During the discovery phase, plaintiff produced correspondence from Dr. Mandery, which related his diagnosis, his belief that a "case could be made that this could be . . . related to his 30 years of employment with the railroad," and his assumption that railroad work usually entails significant manual labor. This correspondence does not satisfy Rule 26, and there is no substantial justification offered for the missing details. The omissions are not harmless.

The Court finds that the challenged opinion evidence is inadmissible for all the reasons discussed in defendant's motion and brief. The motion (Doc. No. 60) is GRANTED. Plaintiff is barred from introducing expert testimony from Dr. Mandery to prove the element of causation.

Defendant also seeks judgment in its favor on Count 3. This motion (Doc. No. 62) is also opposed (Doc. No. 68).

Summary judgment is appropriate when the full record shows that there is no genuine issue as to any material fact and that the movant is entitled to judgment as a matter of law. Thomas v. H & R Block Eastern Enters, 630 F.3d 659, 663 (7th Cir.2011); see also Fed. R. Civ. P. 56(a). A genuine issue of material fact exists when "the evidence is such that a reasonable jury could return a verdict for the nonmoving party." Anderson v. Liberty Lobby, Inc., 477 U.S. 242, 248 (1986). In order to be a "genuine" issue, there must be more than "some metaphysical doubt as to the material facts." Matsushita Elec. Ind. Co. v. Zenith Radio Corp., 475 U.S. 574, 586 (1986). "Only disputes over facts that might affect the outcome of the suit under the governing law will properly preclude the entry of summary judgment." Anderson, 477 U.S. at 248. In deciding whether summary judgment should be granted, the Court construes all facts and draws all reasonable inferences in favor of the nonmoving party. Thomas, 630 F.3d at 663; see also Mobley v. Allstate Ins. Co., 531 F.3d 539, 545 (7th Cir.2008). However, the party opposing the motion may not rely on "mere allegation or denials of [the] pleading," Anderson, 477 U.S. at 256, but instead must present genuine, admissible evidence that shows a factual dispute. Celotex Corp. v. Catrett, 477 U.S. 317, 322--23 (1986).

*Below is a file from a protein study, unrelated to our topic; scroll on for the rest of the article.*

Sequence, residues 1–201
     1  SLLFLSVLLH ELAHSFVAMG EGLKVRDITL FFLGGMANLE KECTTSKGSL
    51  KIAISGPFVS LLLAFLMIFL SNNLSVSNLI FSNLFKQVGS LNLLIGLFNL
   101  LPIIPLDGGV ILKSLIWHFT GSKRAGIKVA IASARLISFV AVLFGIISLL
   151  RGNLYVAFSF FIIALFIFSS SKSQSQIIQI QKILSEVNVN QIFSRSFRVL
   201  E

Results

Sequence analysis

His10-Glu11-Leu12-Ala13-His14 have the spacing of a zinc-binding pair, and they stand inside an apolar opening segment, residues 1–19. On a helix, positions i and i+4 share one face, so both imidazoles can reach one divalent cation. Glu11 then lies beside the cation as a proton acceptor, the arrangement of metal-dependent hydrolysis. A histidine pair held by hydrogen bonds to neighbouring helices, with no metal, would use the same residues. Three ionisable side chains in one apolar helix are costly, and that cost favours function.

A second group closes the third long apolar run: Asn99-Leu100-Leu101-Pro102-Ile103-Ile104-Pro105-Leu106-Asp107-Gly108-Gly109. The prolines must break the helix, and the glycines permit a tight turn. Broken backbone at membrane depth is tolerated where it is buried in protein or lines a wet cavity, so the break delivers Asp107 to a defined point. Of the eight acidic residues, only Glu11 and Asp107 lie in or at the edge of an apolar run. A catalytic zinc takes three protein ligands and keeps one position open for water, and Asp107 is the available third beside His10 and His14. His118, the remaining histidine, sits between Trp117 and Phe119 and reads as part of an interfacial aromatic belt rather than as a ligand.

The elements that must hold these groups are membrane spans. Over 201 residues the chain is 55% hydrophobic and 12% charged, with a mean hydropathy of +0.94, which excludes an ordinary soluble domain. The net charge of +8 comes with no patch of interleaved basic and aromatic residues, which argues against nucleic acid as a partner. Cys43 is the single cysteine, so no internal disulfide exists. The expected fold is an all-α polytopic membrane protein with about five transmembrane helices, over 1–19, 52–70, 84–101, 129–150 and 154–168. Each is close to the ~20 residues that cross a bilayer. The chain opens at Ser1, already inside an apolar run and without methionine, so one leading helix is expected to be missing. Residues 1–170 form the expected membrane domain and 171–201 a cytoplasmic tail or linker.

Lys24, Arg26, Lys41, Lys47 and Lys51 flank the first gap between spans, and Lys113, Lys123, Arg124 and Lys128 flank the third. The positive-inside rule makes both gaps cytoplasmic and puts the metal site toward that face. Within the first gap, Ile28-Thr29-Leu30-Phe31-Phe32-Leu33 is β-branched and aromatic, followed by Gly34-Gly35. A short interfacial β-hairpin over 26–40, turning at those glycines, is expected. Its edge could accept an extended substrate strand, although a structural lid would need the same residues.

The first argument supporting defendant's motion for summary judgment urges a finding that a prior award of summary judgment on Count 2 establishes the law of the case regarding all injuries to plaintiff's hands and wrists and bars Count 3. The Court has previously considered and rejected that argument by distinguishing Count 2 (which was based on symptoms diagnosed as Dupuytren's disease) from Count 3 (which is based on symptoms diagnosed as carpal tunnel syndrome). Grounds for reconsideration are not apparent.